- Featured Columnists
Table of Contents
- Web Basics
- Publishing on the Web: Putting Files on the Server
- Web Design Process and Workflow
- Project Management
- Mark My WWWord: HTML and XHTML
- Standards Compliance
- Meta Tags and Search
- Enhancing Web Page Interaction
- Web Graphics
- Web Page Optimization
- RSS: What’s it for?
- Emphasize Hyper in Hypertext
- Give 'em Something to Talk About
- What's a product without a selling point?
- Site Matters
- Organize This!
- Inverted Pyramid – No Toppling
- Beauty Is in the Eye of the Beholder
- Whizzy Things and Other Distracting Objects
- Don't Make Me Read Twice
- What the Font Does It Say?
- No Flaunting Creative or Fancy Lexicon, Better Yet Cut to the Chase
- Cut the Fat
- Text Harmony and Understanding (and Consistency)
- Peace and Link Love
- Tale of Two Proofs
- Just the Facts, Ma'am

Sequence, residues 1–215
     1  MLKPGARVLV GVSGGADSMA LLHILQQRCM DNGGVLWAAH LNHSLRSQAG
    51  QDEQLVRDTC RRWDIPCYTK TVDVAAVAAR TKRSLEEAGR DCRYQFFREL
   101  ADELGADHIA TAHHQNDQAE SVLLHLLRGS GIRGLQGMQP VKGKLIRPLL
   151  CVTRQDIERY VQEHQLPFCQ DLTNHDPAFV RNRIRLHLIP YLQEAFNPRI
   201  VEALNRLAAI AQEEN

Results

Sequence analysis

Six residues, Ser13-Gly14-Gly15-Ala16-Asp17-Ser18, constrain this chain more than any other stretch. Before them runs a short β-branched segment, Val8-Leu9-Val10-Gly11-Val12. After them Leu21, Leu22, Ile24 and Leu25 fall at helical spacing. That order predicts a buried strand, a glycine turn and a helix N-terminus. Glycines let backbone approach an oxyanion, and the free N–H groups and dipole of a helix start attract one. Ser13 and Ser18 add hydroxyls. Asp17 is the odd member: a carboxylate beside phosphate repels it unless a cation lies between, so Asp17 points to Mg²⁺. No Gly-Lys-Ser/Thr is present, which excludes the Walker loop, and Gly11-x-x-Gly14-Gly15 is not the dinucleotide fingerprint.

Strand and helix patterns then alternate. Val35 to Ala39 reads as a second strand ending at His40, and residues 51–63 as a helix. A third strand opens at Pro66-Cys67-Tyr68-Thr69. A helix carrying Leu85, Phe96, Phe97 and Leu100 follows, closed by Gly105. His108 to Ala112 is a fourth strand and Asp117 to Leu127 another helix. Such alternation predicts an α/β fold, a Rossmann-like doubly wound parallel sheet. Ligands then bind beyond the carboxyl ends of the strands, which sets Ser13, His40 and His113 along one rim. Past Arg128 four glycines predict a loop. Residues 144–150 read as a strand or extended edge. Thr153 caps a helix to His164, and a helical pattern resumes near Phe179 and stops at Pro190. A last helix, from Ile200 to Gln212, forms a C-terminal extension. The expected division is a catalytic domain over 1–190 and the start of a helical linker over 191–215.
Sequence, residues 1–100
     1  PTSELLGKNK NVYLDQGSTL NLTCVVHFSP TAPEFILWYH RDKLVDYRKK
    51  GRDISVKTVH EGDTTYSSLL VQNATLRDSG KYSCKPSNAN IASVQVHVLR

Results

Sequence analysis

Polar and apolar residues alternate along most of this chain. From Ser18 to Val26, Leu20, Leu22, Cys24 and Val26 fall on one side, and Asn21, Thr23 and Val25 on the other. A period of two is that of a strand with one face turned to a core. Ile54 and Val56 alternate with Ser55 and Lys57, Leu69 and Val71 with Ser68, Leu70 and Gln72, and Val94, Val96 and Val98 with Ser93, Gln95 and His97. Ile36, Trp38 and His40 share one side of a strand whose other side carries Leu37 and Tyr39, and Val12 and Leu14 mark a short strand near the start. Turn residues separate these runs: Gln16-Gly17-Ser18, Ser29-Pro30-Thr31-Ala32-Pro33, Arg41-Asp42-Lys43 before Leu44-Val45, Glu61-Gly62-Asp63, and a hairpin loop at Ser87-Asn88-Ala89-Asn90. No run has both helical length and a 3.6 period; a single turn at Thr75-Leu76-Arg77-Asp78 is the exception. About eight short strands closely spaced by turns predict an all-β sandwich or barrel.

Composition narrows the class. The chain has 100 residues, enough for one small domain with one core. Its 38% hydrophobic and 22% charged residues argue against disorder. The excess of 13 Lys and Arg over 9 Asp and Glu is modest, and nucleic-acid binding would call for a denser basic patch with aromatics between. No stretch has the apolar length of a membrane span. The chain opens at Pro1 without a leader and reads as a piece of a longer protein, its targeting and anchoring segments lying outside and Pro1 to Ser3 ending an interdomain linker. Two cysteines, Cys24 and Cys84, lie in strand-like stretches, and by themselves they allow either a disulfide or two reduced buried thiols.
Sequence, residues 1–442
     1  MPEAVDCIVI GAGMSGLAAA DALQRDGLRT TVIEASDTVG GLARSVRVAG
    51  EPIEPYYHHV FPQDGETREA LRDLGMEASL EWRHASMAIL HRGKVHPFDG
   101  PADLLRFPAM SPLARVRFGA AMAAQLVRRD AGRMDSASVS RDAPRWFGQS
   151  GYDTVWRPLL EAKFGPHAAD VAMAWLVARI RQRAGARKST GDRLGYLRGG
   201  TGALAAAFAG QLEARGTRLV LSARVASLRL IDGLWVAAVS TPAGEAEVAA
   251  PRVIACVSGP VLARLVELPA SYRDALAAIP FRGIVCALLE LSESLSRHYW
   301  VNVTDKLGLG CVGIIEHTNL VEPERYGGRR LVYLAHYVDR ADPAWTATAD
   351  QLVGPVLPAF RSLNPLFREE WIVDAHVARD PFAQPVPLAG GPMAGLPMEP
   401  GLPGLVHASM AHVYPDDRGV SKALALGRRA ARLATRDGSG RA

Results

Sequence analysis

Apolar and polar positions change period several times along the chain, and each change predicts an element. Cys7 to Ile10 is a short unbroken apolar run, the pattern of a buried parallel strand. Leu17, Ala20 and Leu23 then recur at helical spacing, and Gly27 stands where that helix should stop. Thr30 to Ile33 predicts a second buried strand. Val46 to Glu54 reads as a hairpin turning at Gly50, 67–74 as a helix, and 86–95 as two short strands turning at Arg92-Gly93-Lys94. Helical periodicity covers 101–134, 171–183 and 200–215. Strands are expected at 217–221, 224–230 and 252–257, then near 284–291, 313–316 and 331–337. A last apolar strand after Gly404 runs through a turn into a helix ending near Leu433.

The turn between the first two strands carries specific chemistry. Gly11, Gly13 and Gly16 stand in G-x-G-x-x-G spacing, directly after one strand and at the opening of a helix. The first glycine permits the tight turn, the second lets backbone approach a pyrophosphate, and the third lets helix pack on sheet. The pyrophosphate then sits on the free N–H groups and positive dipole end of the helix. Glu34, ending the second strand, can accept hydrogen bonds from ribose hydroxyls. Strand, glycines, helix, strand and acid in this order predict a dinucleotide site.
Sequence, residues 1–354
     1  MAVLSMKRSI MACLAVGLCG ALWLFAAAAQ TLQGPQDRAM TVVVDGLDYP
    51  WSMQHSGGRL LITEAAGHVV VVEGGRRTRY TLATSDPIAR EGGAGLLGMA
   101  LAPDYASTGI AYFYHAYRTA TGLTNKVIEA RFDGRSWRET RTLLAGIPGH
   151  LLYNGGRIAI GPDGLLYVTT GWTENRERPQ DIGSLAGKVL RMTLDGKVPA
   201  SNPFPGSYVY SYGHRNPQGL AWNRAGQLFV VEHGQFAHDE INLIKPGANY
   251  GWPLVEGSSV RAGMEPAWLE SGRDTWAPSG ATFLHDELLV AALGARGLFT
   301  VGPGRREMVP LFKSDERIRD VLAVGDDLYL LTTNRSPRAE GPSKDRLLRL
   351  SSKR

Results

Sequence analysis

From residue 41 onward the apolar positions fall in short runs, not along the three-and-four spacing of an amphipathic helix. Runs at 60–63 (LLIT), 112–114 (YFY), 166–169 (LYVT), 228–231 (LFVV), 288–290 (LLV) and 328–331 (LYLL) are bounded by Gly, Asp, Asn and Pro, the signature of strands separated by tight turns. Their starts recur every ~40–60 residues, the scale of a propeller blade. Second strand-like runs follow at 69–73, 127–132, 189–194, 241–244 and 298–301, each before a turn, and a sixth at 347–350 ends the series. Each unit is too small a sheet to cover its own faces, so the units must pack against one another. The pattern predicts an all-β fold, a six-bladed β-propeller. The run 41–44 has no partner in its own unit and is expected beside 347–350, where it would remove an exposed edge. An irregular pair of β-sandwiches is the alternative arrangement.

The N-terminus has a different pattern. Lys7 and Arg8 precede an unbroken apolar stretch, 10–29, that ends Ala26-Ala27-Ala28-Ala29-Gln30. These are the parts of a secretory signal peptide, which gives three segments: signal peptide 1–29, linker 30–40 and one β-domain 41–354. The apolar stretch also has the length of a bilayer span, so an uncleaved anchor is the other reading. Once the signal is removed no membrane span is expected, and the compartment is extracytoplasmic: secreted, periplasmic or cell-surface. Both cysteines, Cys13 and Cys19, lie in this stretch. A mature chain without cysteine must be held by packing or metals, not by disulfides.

- Books and e-Books
- Online Resources
- Overview of Servers
- Server Programming Basics
- Careers in Web Design
- Intellectual Property for Web Designers
Don't Make Me Read Twice
Last updated Oct 17, 2003.
Good content is worthless if people can't read it because of the words' appearance, namely text size, color, and font choice. Color is covered in Chapter 2, Navigation. Browsers don't display default text in the same way. Macs display fonts smaller than PCs. A Web page viewed on Mac using Opera, Netscape, and Internet Explorer won't look identical as demonstrated in The Noodle Incident (http://www.thenoodleincident.com/tutorials/box_lesson/font/index.html) Browsers have a feature to increase or decrease the text size. However, the feature is useless because either people aren't aware of it or the site is designed in a way that it won't work.